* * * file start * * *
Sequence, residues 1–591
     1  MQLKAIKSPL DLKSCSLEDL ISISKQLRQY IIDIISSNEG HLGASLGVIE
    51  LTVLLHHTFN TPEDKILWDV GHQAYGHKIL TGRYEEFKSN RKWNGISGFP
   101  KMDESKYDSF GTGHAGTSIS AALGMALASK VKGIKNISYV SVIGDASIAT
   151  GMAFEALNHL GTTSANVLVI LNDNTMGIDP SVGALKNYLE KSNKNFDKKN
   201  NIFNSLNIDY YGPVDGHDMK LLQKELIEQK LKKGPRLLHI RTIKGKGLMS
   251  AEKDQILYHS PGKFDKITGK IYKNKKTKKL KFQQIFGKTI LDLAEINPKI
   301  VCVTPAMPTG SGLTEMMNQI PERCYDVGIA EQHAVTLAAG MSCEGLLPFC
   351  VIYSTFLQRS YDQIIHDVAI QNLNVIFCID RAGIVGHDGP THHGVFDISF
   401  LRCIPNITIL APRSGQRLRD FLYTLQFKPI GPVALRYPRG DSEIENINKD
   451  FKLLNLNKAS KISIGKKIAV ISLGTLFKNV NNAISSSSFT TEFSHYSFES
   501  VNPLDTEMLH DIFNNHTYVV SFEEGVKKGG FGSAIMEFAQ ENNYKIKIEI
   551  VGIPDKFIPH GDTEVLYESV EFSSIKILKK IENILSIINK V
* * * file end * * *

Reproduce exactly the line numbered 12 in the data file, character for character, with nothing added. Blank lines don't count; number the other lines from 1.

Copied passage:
   501  VNPLDTEMLH DIFNNHTYVV SFEEGVKKGG FGSAIMEFAQ ENNYKIKIEI